What is it like to play a song you love in front of the rock star who made it popular? A young guitarist from Buenos Aires, Sebastian Fernandez, just found out, when he played the famous solo from "Stairway to Heaven" with Led Zeppelin lead guitarist Jimmy Page in the audience.
Timonthy Blais is a graduate student in physics at at McGill University in Montreal. He's also the latest You Tube sensation. His rendition of Queen's "Bohemian Rhapsody," with new lyrics about string theory is approaching 1 million views.
When Spanish-speaking actresses come to this country, they often spend a bundle on trying to lose their accents. But these days,a Latino accent can be an asset. Sara Loscos of Feet in Two Worlds has the story.
After more than a decade of touring and releasing a couple albums of traditional music, the Mexican roots ensemble Chéjere has found their own sound. They make music that helps people cope with the climate of despair.
IAM has been around for 25 years and sold millions of records. They're identified with their hometown of Marseille, but what's less known is that the inspiration to start the group began in New York City.
German rock star Herbert Grönemeyer is usually mobbed on the streets in his home country. This week he kicks off his first US tour and releases his first all-English language album. Grönemeyer speaks to anchor Marco Werman.
Kinan Azmeh is one of the rising stars of Syrian music. Born in Damascus, he moved to the United States to train at the Juilliard School in New York. He's now working on a doctorate in the city. But he dreams of returning to his hometown.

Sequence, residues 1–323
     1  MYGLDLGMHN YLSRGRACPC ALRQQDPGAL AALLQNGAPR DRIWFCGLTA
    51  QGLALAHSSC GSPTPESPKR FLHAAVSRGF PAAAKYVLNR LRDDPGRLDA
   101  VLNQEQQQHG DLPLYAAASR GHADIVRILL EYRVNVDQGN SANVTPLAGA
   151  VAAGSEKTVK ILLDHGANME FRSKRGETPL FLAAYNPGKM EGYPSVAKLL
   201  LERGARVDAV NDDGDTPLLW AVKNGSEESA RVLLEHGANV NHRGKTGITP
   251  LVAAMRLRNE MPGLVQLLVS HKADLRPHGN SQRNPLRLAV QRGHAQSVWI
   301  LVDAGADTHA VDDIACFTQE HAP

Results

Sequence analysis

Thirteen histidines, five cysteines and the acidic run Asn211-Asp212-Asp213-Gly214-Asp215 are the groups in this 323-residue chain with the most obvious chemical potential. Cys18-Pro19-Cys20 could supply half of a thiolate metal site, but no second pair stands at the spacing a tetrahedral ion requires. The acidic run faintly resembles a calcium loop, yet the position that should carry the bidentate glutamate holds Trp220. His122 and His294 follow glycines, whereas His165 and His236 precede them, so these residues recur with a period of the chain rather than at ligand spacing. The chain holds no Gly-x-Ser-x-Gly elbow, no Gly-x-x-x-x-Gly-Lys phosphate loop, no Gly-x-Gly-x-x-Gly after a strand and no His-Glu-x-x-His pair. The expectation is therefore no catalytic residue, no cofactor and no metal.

The title of Alexander von Mehren's new album is called "Aéropop" and that's how he defines his music as well. The Norwegian musician says it's "airy and fresh, but still accessible like pop music and there's still a depth to it."
Host Marco Werman introduces us to a song by the Cairo band Wust el Balad. It is an anthem of sorts for Egyptian youth who relate to its lyrical metaphor for their dead-end lives. "Mom, I want to get married (but I don't have any money.")
Correspondent Daniel Estrin reports on a heavy metal band Orphaned Land based in Tel Aviv whose music is providing a soundtrack for social change as young Egyptians rally for democracy across the Middle East.
The poetic tradition in North Africa has also woven its way into more modern forms of expression. One group of Libyan exiles has assembled some of the best tracks into a compilation. The World's Clark Boyd reports.
Egyptian-Anglo singer Natacha Atlas had already recorded a subversive political song. Then the uprising in Egypt gave her the chance to adapt that song. The World's Marco Werman speaks with Atlas about the new track, called "Egypt: Rise to Freedom."